Maldives Tourist Paradise Flourishes at 35

KURUMATHI ISLANDS ~ Sabrina Chang decided this year to treat herself to a fancy vacation, opting to stay in a thatched bungalow over a lagoon in the Maldives where a swim with exotic fish is as common as taking a stroll.

The Maldives is celebrating the 35th anniversary since its first two resorts opened and visitors like Chang are among a growing breed of tourists who splash out for a slice of paradise on the remote islands.

Chang, 38, a Hong Kong-based programmer, said she wanted to be pampered for a week and learn about marine life at a biology centre on Kurumathi Island, 35 miles west of the Maldivian capital island Male.

“It’s a luxury holiday combined with an educational experience,” said Chang, who spent US$320 a night for her luxury room at Kurumathi Blue Lagoon.

Holidaymakers like Chang have made Maldives the richest nation in South Asia with a per capita income of $2,674.

The 600,000 visitors who jet here each year rarely see the congested capital Male. Once they clear the airport island, they are whisked off by speedboat or seaplane to resorts.

“They need not leave the resort unless to dive, snorkel or view dolphins,” Tourism Minister Mahamoud Shougee said.

Guests do not even need to change their hard currency into the local rufiyaa as dollar purchases are permitted and the few Maldivians they meet will often be resort staff.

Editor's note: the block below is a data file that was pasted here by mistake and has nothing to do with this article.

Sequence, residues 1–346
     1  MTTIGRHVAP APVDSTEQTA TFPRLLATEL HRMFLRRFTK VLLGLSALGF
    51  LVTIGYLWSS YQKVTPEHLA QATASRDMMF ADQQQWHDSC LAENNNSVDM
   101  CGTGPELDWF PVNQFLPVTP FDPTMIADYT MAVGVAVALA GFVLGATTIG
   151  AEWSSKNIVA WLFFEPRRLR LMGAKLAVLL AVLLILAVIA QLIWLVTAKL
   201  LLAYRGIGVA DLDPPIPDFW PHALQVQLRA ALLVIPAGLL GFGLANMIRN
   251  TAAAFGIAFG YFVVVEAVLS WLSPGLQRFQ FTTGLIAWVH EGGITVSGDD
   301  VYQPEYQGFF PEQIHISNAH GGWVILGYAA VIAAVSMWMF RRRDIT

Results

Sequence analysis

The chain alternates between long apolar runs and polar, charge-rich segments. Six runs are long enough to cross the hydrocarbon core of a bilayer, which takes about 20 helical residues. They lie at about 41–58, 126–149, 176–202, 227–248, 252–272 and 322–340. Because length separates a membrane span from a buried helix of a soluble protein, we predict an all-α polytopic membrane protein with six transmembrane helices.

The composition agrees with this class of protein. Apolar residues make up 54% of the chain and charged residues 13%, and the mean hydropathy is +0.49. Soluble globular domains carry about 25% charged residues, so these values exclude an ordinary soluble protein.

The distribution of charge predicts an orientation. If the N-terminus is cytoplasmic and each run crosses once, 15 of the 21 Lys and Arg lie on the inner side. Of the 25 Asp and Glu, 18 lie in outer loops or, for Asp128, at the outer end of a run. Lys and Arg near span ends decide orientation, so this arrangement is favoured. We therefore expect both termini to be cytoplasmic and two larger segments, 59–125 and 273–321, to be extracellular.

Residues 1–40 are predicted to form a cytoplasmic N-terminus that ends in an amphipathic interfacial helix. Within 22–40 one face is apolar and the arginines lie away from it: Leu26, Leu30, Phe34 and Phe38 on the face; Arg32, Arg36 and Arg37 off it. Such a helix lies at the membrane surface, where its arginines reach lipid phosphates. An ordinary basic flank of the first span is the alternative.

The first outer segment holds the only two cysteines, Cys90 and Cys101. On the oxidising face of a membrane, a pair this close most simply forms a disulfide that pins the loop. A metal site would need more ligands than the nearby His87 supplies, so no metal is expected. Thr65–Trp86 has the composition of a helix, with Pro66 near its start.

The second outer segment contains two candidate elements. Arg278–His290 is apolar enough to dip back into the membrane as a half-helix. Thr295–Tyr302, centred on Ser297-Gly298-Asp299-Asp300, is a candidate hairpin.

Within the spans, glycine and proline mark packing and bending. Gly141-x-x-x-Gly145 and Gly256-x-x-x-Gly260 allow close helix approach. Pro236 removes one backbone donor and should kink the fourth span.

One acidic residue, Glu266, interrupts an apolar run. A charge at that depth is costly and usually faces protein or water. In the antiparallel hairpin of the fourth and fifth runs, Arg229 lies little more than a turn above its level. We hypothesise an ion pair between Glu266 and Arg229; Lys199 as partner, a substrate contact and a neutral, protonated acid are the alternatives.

Home to 300,000 Sunni Muslims, the Islamic Republic of the Maldives has relaxed rules in the resorts where alcohol is served, unlike in the capital island where it is prohibited.

Presently, 89 islands have luxury resorts, with occupancy rates averaging 95 percent. The government last year opened 51 new islands for a combination of resort and airport development.

“The hotel developments, some of which will come alongside 10 new airports, is part of our plan to attract a million tourists by 2010 and increase our bed capacity from present 20,500 to 36,700 by 2012,” Shougee said.

Investors are expected to inject $120 million within the next 10 years, some into exclusive villas that charge in excess of $30,000 a night, pampering to the rich and famous.

But most holidaymakers are package tourists from Italy, Germany and Britain – with countries like China, India and the Gulf fast emerging as the next big growth market, said Shougee.

“Some of the new resort developments are being tweaked in terms of menus and products on offer to cater to Chinese, Indian and Gulf tourists, who are not low-budget but want a slightly different experience,” he said.

However, Maldives Association of Tourism Industry head Mohamed Sim Ibrahim says the resort industry has “reached a crossroads.”

“The government is under pressure to release more islands for resort development,” he said.

President Maumoon Abdul Gayoom who has ruled since 1978, promises to “protect investors” and not “cheapen” the Maldives’ reputation as a premium eco-destination.

Tourism accounts for a large chunk of the Maldives’ economy of just under a $1 billion, with money coming from resort lease rentals, annual taxes on resort beds and airport departure taxes.

A three per cent goods and service tax on resort sales will also kick in later this year to boost government revenue.

But trouble may be on the horizon for the low-lying islands which are vulnerable to climate change. Gayoom has warned a rise of about three feet of water would swamp much of his nation, leaving mere sandbars.

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